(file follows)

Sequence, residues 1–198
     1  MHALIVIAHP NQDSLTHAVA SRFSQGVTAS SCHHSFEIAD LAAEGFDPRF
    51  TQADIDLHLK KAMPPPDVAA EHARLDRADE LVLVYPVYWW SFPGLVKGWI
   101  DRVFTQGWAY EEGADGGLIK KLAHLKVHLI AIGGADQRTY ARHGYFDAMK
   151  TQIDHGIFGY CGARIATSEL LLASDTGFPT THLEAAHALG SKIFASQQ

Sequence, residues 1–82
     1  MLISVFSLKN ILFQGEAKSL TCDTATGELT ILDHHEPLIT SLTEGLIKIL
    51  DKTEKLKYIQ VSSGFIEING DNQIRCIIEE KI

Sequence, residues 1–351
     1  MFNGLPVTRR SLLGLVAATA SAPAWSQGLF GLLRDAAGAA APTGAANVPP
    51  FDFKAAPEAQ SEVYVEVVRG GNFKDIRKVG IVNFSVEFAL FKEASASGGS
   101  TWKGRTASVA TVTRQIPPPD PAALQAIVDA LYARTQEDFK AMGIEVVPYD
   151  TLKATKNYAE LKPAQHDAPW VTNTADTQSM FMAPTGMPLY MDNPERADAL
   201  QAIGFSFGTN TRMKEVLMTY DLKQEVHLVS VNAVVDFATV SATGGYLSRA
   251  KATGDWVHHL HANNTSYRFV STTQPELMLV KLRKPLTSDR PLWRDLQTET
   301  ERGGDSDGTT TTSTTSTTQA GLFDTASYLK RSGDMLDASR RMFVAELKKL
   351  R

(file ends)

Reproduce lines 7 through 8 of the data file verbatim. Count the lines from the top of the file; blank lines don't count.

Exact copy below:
     1  MLISVFSLKN ILFQGEAKSL TCDTATGELT ILDHHEPLIT SLTEGLIKIL
    51  DKTEKLKYIQ VSSGFIEING DNQIRCIIEE KI